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517-531) has highlighted the correlation between victimization and offending on the basis of demographic and homogametic factors. On the basis of review of these two studies, the paper will present the mentioned theories in the studies that support the relationship and data that demonstrates a lack of support to the relationship. The paper will also highlight some of the important findings and relevant information from the studies.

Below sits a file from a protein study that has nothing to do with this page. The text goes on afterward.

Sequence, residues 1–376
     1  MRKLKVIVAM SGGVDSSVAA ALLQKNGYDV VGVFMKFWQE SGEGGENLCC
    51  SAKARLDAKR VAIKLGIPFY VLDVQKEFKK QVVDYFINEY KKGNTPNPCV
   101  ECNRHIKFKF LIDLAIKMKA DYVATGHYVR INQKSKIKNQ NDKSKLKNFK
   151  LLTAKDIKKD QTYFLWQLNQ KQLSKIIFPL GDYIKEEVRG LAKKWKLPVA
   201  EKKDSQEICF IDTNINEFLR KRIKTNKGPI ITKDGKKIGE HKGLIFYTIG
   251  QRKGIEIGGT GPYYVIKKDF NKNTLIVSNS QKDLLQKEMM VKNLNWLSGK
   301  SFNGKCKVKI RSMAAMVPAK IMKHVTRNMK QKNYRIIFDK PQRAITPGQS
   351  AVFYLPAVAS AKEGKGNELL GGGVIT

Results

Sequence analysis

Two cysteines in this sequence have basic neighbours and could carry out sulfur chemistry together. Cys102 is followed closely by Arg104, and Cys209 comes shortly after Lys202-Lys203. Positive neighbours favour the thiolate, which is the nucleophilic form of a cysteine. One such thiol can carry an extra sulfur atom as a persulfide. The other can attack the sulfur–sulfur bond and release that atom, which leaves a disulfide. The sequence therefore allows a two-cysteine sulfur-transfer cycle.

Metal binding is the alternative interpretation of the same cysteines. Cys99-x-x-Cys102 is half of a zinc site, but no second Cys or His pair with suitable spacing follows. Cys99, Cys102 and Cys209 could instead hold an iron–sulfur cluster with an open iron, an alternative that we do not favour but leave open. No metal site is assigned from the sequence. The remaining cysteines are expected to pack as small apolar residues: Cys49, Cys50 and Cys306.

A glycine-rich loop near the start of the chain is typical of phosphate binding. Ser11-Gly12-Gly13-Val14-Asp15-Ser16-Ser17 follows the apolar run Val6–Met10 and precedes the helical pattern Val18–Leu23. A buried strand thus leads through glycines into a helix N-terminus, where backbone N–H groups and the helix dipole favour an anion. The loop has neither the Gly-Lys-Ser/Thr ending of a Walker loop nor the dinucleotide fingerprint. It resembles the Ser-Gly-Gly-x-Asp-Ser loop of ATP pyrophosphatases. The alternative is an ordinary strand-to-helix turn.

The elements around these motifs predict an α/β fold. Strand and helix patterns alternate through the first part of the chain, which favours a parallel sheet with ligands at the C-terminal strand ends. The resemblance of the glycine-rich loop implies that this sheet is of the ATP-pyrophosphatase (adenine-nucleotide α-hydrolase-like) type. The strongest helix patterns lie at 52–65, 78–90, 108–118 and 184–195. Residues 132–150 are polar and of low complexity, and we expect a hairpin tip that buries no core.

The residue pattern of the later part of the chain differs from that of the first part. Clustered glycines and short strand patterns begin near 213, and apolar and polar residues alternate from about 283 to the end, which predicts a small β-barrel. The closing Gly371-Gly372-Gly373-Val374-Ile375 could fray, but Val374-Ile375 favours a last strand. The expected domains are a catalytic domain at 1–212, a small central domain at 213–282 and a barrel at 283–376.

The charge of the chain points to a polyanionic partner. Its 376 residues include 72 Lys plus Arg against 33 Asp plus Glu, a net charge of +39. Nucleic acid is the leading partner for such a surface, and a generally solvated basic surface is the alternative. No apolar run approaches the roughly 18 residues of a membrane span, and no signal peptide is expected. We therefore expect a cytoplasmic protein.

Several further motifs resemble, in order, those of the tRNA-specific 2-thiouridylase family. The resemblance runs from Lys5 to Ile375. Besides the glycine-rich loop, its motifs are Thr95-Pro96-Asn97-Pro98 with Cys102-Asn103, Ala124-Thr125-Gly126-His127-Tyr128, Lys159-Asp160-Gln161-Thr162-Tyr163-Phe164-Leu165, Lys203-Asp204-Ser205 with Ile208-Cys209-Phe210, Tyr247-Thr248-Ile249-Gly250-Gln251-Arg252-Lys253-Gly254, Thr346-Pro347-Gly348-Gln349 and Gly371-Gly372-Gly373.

Many experts have identified strong relationship between victimization and offending on the basis of cultural theory. According to the theory, individuals from disadvantaged neighborhood, i.e., a social surrounding in which violent oppositional norms are crucial, that are engaged in violent behavior are more likely become victims of violent assaults (Berg & Lober, 2011, p. 428). Cultural theory suggests that people from violent cultural background are more likely involve in offensive acts and consequently, they are more prone to victimization from members of identical cultural background (Berg & Lober, 2011, p. 428-430). In the “honor culture”, one’s reputation in the community is based on the aggressive or brutal nature and ability to defeat the aggressor by aggressive means. Hence, individuals from such cultural background are often involved in violent offensive acts to seek respect and build fear among fellow community members. Due to extreme competition and violent cultural norms, offenders from such background often become victims of violence themselves (Berg & Lober, 2011, p. 430-431). In a way, cultural theory and the concept of “honor culture” strongly support the relationship between victimization and offending. Further, criminological theory suggests that the “homogenous” social and demographic factors such as race, age, leisure activities, culture, and residential area significantly influence the relationship (Asbridge et al., 2014, p. 518-519). The principle of homogamy claims that often offenders and ...